Community-based older adults' perceptions of factors that influence successful aging in place

Document Type



Master of Science (MS)


Occupational Therapy

First Advisor's Name

Pamela Shaffner

First Advisor's Committee Title

Committee Chair

Second Advisor's Name

Pamela Elfenbein

Third Advisor's Name

Susan Kaplan

Date of Defense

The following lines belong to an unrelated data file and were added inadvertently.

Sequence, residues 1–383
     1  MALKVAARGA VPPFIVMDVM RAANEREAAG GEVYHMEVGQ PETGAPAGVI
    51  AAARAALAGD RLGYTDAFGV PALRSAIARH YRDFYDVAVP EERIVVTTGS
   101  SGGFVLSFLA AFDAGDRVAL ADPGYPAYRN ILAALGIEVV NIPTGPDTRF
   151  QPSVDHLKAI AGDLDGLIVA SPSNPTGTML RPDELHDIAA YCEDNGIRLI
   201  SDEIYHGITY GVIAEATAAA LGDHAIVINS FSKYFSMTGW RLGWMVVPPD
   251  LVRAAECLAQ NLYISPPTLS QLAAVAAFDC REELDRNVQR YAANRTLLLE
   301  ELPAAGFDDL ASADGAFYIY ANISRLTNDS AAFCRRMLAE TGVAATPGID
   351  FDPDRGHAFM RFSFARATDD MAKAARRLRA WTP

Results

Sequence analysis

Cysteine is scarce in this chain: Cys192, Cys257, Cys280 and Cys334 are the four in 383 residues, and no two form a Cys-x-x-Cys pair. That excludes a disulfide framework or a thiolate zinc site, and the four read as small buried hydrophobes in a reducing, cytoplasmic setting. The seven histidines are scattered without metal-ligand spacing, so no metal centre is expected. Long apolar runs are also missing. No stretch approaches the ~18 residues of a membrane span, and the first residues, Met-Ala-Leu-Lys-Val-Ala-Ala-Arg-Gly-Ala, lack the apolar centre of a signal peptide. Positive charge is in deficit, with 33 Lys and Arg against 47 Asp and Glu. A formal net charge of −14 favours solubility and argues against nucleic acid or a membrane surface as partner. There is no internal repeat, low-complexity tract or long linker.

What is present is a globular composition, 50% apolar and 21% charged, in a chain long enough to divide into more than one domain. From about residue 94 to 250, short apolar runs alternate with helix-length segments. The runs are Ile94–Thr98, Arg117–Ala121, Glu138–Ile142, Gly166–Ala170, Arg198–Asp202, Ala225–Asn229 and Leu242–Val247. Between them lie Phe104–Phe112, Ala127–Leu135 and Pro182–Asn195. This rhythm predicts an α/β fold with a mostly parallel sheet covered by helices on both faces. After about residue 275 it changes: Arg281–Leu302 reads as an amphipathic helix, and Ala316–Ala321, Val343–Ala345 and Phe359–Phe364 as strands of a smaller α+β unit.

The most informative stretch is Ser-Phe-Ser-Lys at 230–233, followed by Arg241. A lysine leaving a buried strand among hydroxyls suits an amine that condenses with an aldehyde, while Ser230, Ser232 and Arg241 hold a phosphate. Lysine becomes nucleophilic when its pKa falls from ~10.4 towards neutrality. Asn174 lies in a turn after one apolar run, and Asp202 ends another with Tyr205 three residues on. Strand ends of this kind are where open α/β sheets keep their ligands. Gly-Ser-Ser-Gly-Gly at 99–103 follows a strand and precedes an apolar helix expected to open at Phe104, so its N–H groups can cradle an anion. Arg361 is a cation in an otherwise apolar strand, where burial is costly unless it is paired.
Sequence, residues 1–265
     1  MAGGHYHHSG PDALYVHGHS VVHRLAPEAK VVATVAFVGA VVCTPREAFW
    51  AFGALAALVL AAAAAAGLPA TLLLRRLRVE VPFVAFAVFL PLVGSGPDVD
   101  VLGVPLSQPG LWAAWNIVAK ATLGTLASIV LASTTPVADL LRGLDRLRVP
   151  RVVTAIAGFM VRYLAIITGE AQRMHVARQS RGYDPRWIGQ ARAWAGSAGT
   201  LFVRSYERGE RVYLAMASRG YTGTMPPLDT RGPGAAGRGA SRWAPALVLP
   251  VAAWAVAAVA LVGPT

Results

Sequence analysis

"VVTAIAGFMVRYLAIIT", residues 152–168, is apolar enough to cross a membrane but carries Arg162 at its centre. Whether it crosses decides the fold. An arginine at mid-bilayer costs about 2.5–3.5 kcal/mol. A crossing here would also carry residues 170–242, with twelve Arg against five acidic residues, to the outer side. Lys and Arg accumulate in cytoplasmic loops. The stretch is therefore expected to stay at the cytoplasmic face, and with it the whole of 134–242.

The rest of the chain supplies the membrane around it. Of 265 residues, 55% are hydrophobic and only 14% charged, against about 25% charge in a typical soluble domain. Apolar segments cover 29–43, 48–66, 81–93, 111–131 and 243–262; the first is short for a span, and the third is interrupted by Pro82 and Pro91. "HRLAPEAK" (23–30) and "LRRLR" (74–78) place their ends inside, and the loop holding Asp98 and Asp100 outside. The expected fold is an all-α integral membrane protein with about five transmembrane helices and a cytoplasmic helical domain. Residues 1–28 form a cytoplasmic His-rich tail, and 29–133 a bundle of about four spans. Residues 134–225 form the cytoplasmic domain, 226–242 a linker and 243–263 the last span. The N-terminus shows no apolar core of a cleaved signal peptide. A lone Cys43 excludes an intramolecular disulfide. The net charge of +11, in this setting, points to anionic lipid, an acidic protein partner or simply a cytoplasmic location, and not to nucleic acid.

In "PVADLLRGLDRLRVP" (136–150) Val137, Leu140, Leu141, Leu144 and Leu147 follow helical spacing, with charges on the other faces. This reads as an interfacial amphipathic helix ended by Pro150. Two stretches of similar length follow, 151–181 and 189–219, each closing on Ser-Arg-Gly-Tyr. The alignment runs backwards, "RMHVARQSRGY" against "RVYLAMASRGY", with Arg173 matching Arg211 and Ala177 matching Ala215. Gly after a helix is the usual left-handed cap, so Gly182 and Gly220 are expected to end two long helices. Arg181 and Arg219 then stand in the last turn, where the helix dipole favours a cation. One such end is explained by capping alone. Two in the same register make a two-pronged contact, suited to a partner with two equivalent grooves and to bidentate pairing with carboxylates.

The purpose of this study was to obtain an understanding of older adults' perceptions of independence and the factors that allow them to remain living independently in the community. A questionnaire was mailed to a random sample of 500 community-based older adults. One hundred seventy eight questionnaires were returned (36%). Respondents were asked questions related to independence, self-health rating, functional difficulties, and social supports. Most respondents indicated Mental Health (97%), Physical Health (97%), Control of choices (97%), and Social Support Systems (93%) contributed to maintaining independence in the community. Age, education, fewer chronic health conditions, and a higher self-health rating were found to be significant predictors of actual independence. Family members were identified as the primary source of assistance with advice on major life decisions and financial matters. Findings indicate age, education, health status and the social support of family and friends all play an important role for older adults to live independently in the community. Occupational therapy could be instrumental in extending the health, highest level of independent functioning, and the number of years older adults remain living in the community.



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